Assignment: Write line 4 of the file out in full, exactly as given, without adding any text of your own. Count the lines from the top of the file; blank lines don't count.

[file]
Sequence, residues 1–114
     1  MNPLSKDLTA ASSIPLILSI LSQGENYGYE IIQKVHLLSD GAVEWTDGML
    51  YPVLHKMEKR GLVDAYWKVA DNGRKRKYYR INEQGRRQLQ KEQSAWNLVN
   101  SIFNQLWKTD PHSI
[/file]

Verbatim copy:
   101  SIFNQLWKTD PHSI